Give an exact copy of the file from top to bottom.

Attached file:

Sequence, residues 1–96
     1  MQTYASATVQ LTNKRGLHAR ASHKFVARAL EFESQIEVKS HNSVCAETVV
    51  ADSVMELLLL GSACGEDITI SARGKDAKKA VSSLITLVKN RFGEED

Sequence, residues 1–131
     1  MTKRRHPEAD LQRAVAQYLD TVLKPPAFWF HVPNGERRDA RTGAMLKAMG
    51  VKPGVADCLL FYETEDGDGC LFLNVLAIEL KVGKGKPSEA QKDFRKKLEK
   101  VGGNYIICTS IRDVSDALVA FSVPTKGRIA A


Sequence, residues 1–96
     1  MQTYASATVQ LTNKRGLHAR ASHKFVARAL EFESQIEVKS HNSVCAETVV
    51  ADSVMELLLL GSACGEDITI SARGKDAKKA VSSLITLVKN RFGEED

Sequence, residues 1–131
     1  MTKRRHPEAD LQRAVAQYLD TVLKPPAFWF HVPNGERRDA RTGAMLKAMG
    51  VKPGVADCLL FYETEDGDGC LFLNVLAIEL KVGKGKPSEA QKDFRKKLEK
   101  VGGNYIICTS IRDVSDALVA FSVPTKGRIA A